Well, here we are deep into On Hold Week, the static period between the big stars, Christmas Day and New Year's Day. It has its own bland traditions.
For one, we're treated to TV and newspaper roundups of major figures who have died in the past year (in the words of a long-ago Utah radio personality, those who have "shot on over.") These quickie features are always good for a brief jolt: either a sincere "Awwww," or the less positive, "Hunh! I thought he had died years ago!"
For another, the Food Channel gears up with increasingly hopeless ideas for "Celebrating Turkey Leftovers." We just won't face the truth: the Turkey stars on big feast days because it looks impressive, it smells wonderful, and it makes lovely gravy. Nowhere in that list do we find the words, "tastes good." So, yes, we have to deal with the leftovers, but no, we needn't be hypocrites, pretending that something that was blah to begin with becomes gourmet grub with the addition of raisins, crumbled rum-soaked fruitcake, or stale paprika.
And surely one of the inevitable two-star hits during On Hold Week is the Predictions List. Everyone seeking 15 minutes of fame gets in line to forecast what the year ahead will hold. Doesn't matter the subject: fashion trends, number of hurricanes, stock market thrills, re-arrangement of sexual partners in Hollywood--someone will forecast the future for us.
My own history of predictions is unlikely to threaten Nostradamus. Still in high school, I passed through the living room one evening to find my parents watching the Ed Sullivan Show. I rolled my eyes, as required of adolescents, and glanced at the act in progress. Some musician was singing mournfully while squirming as though someone had dropped a community of red ants in his tight-fitting pants.
"Well, there's one we'll never hear from again," I sneered. Elvis Presley. Man is more popular now, years after his death, than he was while alive. Strands from a recently discovered hair brush of his were auctioned off for enough money to buy West Texas.
A few years later, just out of graduate school, my roommate and I wanted to buy a television set of our own, instead of continuing to make do with some rabbit-eared reject we had bought at Goodwill.
"Should we maybe get a color set?" Anne asked.
"COLOR! Color TV? That is absolutely decadent! That's just a passing fad to jack up the price! Why would we shell out for some silly indulgence like color!" Um-hum.
About five years later, the word "VISA" began to be heard in the land. A plastic card. Someone's idea to replace "layaway," whereby you gave the store so much money each month and THEN,when it was paid for, you got your winter coat or the striped sofa.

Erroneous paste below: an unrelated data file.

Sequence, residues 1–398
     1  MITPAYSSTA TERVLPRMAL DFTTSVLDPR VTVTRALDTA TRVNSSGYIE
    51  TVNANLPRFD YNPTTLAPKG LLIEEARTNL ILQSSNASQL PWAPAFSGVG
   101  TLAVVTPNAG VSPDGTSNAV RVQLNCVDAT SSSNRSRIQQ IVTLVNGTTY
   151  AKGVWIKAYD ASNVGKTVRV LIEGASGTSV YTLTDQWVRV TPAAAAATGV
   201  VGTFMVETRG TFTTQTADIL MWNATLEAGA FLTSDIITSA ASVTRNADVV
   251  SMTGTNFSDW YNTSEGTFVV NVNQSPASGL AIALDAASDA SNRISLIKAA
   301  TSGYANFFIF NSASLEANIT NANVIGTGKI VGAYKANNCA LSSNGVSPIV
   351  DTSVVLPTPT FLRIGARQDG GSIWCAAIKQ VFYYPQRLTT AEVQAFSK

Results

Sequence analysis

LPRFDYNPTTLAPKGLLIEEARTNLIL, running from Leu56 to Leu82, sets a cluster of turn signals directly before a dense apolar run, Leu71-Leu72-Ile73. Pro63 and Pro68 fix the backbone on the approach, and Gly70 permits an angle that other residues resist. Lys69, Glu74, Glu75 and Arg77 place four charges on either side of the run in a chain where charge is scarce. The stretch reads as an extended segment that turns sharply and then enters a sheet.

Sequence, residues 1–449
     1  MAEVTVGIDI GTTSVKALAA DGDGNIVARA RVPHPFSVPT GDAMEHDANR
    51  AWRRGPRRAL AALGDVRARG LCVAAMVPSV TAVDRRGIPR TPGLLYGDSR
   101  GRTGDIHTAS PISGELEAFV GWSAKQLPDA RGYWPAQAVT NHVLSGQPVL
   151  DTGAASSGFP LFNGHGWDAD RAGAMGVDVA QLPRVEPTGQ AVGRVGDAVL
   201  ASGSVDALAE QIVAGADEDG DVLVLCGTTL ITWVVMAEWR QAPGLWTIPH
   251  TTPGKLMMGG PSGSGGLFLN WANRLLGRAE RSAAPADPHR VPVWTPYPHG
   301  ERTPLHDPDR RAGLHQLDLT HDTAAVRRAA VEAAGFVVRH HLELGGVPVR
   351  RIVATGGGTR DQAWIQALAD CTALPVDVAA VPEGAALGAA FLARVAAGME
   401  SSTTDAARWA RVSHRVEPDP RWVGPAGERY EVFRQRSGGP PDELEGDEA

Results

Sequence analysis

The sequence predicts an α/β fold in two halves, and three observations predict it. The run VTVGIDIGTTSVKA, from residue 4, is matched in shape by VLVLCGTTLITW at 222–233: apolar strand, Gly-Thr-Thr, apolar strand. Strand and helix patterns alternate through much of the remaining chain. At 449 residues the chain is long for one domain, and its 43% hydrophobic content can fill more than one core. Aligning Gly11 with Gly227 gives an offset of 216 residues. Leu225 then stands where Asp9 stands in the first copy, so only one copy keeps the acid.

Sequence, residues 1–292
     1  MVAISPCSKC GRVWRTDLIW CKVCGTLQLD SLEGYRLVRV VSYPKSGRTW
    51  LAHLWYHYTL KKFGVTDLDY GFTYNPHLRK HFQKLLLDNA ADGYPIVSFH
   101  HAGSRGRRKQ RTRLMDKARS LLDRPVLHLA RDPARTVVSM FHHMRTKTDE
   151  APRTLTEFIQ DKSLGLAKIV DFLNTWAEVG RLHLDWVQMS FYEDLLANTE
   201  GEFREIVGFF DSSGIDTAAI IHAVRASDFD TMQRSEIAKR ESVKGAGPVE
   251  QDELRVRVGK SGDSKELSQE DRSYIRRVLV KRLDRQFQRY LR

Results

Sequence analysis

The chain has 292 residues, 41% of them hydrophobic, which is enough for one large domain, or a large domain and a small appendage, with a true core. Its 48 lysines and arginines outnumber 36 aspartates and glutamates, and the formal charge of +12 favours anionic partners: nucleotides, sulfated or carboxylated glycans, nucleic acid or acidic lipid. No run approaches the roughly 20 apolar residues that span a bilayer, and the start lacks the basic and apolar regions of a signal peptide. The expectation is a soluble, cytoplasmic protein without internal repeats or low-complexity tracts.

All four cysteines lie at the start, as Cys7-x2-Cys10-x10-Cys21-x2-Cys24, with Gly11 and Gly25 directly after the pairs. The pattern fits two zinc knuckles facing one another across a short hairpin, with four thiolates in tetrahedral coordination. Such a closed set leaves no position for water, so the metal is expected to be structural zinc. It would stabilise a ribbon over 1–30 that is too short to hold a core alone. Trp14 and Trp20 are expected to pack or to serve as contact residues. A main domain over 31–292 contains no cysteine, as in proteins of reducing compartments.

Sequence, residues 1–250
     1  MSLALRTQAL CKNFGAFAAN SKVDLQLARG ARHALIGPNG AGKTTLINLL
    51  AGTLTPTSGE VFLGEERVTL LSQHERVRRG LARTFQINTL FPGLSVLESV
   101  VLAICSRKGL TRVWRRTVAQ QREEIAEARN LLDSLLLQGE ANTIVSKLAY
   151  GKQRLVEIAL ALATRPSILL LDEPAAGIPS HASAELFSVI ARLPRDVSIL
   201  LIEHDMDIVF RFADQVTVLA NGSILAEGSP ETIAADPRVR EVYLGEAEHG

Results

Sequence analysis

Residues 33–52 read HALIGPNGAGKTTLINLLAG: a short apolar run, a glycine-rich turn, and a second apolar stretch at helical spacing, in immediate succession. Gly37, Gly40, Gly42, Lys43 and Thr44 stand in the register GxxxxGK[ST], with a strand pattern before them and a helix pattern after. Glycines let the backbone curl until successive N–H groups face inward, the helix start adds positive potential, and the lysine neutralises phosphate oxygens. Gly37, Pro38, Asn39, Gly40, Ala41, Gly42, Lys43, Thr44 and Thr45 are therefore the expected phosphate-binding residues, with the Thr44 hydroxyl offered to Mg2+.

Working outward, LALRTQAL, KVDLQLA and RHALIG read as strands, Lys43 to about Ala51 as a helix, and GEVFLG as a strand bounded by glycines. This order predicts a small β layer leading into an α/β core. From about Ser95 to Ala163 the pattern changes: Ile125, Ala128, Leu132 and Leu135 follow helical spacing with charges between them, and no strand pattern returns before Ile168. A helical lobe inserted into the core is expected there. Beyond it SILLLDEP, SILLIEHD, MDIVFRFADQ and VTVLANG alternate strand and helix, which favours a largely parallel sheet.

"Do they really think people are going to CHARGE things on this plastic card and pay these VISA folks huge interest? It will never happen," I assured anyone within the sound of my voice. (As it happened, "the VISA folks" drank toasts every year for about fifteen years to my hefty interest payments.)
As for cell phones, well, of course I was wrong on that one, too. Not only wrong, but short-sighted. Dense though I was about color TV and credit cards, I certainly got the knack of them rapidly and indeed avidly. But the simple cell phone, which tiny children now use successfully to call "Gamma" and instruct her to "b'ing cookies," is still pretty much a mystery to me. Mine has about fourteen functions, two of which I understand. (Never the same two in a given week.)
But I did predict one advance correctly.
Perhaps twenty years ago, I was serving on a university committee having something to do with what we then called "correspondence courses." These were courses students could take by mail, doing the work at their homes wherever they might be, mailing in papers and tests and receiving in turn comments and suggestions from the instructor. At one point, I said to the committee, "You know, computer access is increasing everywhere. If we were imaginative and offered courses by computer that would be help college dropouts finish their programs, I think we'd do a great service. In particular, women who were raising families, or working women who had never gone to college, might really benefit from such opportunities."
Frowns. Heads cocked to the side in puzzlement. Slow, deep sighs. ("She's at it again. Women's issues!") A totally unconvincing "maybe." Two "ummm's." And the agenda rolled off on its own course.
Yesterday I checked online. The university mentioned now has five hundred
"distance learning " computer courses--including middle school, high school, and university classes plus others of a non-academic nature and a number of free courses. Hundreds of women have obtained high school diplomas through these offerings, and more have finished college work they began but interrupted. I didn't have a thing to do with any of that, but at least my crystal ball was unclouded for once.
Happy New Year to us all!